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Morgellons: When People Mistakenly Believe They Have Parasites

I saw a patient recently for parasites.

I get a sinking feeling when I see that diagnosis on the schedule, as it rarely means a real parasite.  The great Pacific NW is mostly parasite free, so either it is a traveler or someone with delusions of parasitism.

The latter comes in two forms: the classic form and Morgellons. Neither are likely to lead to a meaningful patient-doctor interaction, since it usually means conflict between my assessment of the problem and the patients assessment of the problem.  There is rarely a middle ground upon which to meet. The most memorable case of delusions of parasitism I have seen was a patient who  I saw in clinic who, while we talked, ate a raw garlic clove about every minute.

“Why the garlic?” I asked.

“To keep the parasites at bay,” he told me.

I asked him to describe the parasite.  He told me they floated in the air, fell on his skin, and then burrowed in.  Then he later plucked them out of his nose.

At this point he took out a large bottle that rattled as he shook it.

“I keep them in here,” he said as he screwed off the lid and dumped about 3 cups with of dried boogers on the exam table.

To my credit I neither screamed nor vomited, although for a year I could not eat garlic.  It was during this time I was attacked by a vampire, and joined the ranks of the undead. Read more »

*This blog post was originally published at Science-Based Medicine*

Nurses Stand Up For Science And Patient Safety, Then Face Jail Time?

balanceYou may have heard about the whistleblower case in Texas where 2 nurses reported a physician (Dr. Rolando G. Arafiles, Jr.) to the State Medical Board for unethical medical practices. Even though the American Nurses Association’s Code of Ethics requires nurses to report physicians who may be of harm to patients, these two were punished for doing the right thing. (Apparently, the local sheriff was a friend of Dr. Arafiles’ and took it upon himself to charge the nurses with misuse of official information, a third-degree felony in Texas, because patient medical record numbers were included in the letter to the Texas Medical Board). The criminal prosecution charges were dropped against Vicki Galle, but the case against Anne Mitchell is ongoing.

But the real story – what was Dr. Arafiles doing that was so egregious? – has yet to be made public by the nurses. And thanks to bloggers Mike Dunford, and Orac over at, the truth is being revealed. Video footage of Dr. Arafiles’ bizarre medical beliefs and practices are available here. Apparently, he prescribed colloidal silver to treat H1N1 flu, promoted the false idea that vaccines contain a wild array of toxins (everything from MSG to fetal tissue), and was diagnosing patients with “Morgellons disease” which he describes as a parasitic infection that produces fibers that turn host cells into plastic. Read more »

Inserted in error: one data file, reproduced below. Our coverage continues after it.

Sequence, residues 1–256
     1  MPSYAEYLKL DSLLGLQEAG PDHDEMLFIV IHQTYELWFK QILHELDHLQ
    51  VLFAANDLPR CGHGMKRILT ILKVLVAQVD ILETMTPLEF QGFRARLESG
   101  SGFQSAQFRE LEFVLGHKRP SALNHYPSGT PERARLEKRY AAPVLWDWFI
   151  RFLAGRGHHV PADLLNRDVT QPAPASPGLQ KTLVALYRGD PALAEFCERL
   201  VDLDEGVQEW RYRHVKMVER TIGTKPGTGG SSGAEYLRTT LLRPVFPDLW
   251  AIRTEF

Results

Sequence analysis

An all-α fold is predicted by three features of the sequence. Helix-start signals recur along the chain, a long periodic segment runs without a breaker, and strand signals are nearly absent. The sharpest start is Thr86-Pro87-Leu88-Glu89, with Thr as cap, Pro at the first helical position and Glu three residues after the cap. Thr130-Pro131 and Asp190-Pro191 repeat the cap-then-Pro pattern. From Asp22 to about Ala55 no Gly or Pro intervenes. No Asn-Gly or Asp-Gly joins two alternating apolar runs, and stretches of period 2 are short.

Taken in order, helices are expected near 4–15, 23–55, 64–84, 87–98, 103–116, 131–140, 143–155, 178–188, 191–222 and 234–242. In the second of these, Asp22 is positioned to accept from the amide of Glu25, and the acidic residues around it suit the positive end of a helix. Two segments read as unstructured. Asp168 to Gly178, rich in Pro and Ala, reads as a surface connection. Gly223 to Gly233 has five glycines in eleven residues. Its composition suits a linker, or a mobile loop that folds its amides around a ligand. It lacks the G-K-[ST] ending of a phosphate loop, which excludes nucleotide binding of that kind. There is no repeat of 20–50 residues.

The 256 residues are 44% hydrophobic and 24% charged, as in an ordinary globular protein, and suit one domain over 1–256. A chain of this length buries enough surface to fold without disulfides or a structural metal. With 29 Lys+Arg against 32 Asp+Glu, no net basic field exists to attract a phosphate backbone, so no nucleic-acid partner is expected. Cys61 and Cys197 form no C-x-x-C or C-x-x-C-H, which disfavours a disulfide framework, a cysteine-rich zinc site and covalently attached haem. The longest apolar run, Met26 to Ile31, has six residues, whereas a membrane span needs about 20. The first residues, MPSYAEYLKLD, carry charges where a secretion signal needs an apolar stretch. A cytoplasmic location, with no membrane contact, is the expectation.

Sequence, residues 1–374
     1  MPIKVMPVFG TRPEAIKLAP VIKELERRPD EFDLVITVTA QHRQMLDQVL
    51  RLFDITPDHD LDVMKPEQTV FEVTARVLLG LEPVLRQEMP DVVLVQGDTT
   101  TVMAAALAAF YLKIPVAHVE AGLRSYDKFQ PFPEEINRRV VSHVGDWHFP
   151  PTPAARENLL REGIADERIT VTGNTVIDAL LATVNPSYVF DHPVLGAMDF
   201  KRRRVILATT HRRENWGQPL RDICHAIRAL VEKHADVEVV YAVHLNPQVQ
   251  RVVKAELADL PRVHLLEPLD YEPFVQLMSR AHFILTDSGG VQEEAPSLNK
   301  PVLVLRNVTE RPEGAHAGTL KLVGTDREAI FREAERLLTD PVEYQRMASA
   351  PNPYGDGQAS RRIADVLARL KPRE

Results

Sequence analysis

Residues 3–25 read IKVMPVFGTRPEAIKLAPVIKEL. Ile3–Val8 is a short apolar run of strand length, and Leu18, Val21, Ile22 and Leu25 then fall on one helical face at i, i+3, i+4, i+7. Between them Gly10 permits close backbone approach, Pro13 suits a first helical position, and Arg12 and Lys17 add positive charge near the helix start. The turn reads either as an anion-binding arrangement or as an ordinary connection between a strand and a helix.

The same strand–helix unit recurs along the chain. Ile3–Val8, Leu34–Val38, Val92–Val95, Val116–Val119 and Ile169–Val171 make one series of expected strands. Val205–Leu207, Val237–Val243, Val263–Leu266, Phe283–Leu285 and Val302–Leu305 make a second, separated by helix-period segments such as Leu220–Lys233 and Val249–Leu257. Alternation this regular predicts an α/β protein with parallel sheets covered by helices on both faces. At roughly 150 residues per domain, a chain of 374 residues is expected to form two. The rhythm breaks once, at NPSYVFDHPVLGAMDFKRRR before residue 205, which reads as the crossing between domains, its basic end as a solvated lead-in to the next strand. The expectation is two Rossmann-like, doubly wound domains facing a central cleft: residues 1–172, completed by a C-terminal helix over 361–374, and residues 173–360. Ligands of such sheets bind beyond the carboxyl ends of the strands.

Latest Interviews

IDEA Labs: Medical Students Take The Lead In Healthcare Innovation

It’s no secret that doctors are disappointed with the way that the U.S. healthcare system is evolving. Most feel helpless about improving their work conditions or solving technical problems in patient care. Fortunately one young medical student was undeterred by the mountain of disappointment carried by his senior clinician mentors…

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How To Be A Successful Patient: Young Doctors Offer Some Advice

I am proud to be a part of the American Resident Project an initiative that promotes the writing of medical students residents and new physicians as they explore ideas for transforming American health care delivery. I recently had the opportunity to interview three of the writing fellows about how to…

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Latest Book Reviews

Book Review: Is Empathy Learned By Faking It Till It’s Real?

I m often asked to do book reviews on my blog and I rarely agree to them. This is because it takes me a long time to read a book and then if I don t enjoy it I figure the author would rather me remain silent than publish my…

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The Spirit Of The Place: Samuel Shem’s New Book May Depress You

When I was in medical school I read Samuel Shem s House Of God as a right of passage. At the time I found it to be a cynical yet eerily accurate portrayal of the underbelly of academic medicine. I gained comfort from its gallows humor and it made me…

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Eat To Save Your Life: Another Half-True Diet Book

I am hesitant to review diet books because they are so often a tangled mess of fact and fiction. Teasing out their truth from falsehood is about as exhausting as delousing a long-haired elementary school student. However after being approached by the authors’ PR agency with the promise of a…

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